The government had for months withheld visas for hundreds of U.S. diplomats, other officials and experts involved in the counter-insurgency and civilian aid efforts.

The army led a public outcry against U.S. legislation authorizing the new non-military aid. It saw the measure as a means to strengthen Zardari at the expense of the army, which has ruled the country for much of its existence and considers national security policy its exclusive domain.

Meanwhile, the army-run Inter-Services Intelligence Directorate, the powerful spy agency, was widely seen behind a virulent media campaign that stoked anti-U.S. sentiment by claiming that Pakistan secretly is being flooded by U.S. spies and military contractors in cahoots with some of their own top officials.

Still, Obama turned up the heat on Islamabad to move against al Qaida and its Afghan allies, warning that “we cannot tolerate a safe-haven for terrorists whose location is known and whose intensions are clear.”

Army Gen. David Petreaus, the head of U.S. Central Command, and Adm. Mike Mullen, the chairman of the Joint Chiefs of Staff, followed up with visits to Islamabad amid U.S. news media leaks that the United States would expand drone strikes and take other actions against militant sanctuaries inside Pakistan if Islamabad didn’t act.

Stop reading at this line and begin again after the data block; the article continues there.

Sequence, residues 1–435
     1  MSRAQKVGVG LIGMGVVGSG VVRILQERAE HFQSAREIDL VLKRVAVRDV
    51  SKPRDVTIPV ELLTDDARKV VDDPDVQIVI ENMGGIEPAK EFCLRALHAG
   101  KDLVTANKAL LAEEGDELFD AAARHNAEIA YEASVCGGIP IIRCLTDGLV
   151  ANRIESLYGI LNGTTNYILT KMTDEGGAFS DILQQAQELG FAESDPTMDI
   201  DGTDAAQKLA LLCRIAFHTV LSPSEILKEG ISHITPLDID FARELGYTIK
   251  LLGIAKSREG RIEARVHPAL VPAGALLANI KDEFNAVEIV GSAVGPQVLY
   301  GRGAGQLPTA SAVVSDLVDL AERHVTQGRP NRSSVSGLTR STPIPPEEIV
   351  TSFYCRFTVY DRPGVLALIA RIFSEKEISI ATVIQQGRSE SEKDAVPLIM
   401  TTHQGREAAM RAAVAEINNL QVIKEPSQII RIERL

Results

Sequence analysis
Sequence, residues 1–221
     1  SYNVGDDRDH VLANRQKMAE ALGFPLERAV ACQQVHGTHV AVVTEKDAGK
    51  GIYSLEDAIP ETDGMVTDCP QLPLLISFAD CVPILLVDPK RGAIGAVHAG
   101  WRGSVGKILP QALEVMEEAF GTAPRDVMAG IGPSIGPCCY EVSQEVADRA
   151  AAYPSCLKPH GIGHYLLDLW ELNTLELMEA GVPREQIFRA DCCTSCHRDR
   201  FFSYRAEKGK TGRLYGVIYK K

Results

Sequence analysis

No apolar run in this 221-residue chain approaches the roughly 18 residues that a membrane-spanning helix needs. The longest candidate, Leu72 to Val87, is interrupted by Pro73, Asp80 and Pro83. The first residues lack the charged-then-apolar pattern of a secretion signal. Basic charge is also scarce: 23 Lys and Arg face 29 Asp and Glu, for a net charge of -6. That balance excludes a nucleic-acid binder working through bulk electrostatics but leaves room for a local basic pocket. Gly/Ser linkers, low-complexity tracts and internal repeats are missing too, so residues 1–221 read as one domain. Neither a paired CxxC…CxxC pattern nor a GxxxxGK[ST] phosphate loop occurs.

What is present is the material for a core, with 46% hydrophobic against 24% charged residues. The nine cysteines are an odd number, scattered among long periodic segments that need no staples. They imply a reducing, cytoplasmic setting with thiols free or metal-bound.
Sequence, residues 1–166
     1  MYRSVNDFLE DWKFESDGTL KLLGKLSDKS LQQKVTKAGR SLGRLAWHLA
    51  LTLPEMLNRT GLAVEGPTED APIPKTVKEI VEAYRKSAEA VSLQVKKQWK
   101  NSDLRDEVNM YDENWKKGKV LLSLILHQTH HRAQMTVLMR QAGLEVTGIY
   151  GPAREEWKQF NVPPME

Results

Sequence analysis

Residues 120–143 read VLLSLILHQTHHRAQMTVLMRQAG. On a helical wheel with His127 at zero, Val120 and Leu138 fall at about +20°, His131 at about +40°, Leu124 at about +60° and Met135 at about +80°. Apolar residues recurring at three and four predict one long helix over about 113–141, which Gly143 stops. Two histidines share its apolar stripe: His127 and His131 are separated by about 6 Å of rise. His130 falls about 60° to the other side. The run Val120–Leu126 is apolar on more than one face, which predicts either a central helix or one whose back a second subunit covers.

Washington specifically wants Pakistan’s army to follow up an operation against Pakistani Taliban in the South Waziristan tribal area with a drive against the Haqqani Network, the most fearsome Afghan insurgent group, and al Qaida in North Waziristan.

Pakistan, however, refused. There also is growing U.S. pressure on Pakistan to pursue Afghan Taliban chief Mullah Mohammad Omar and his top aides, who are said by some U.S. officials to shuttle between their sanctuary in the Baluchistan Province capital of Quetta and Karachi, Pakistan’s financial capital and main port.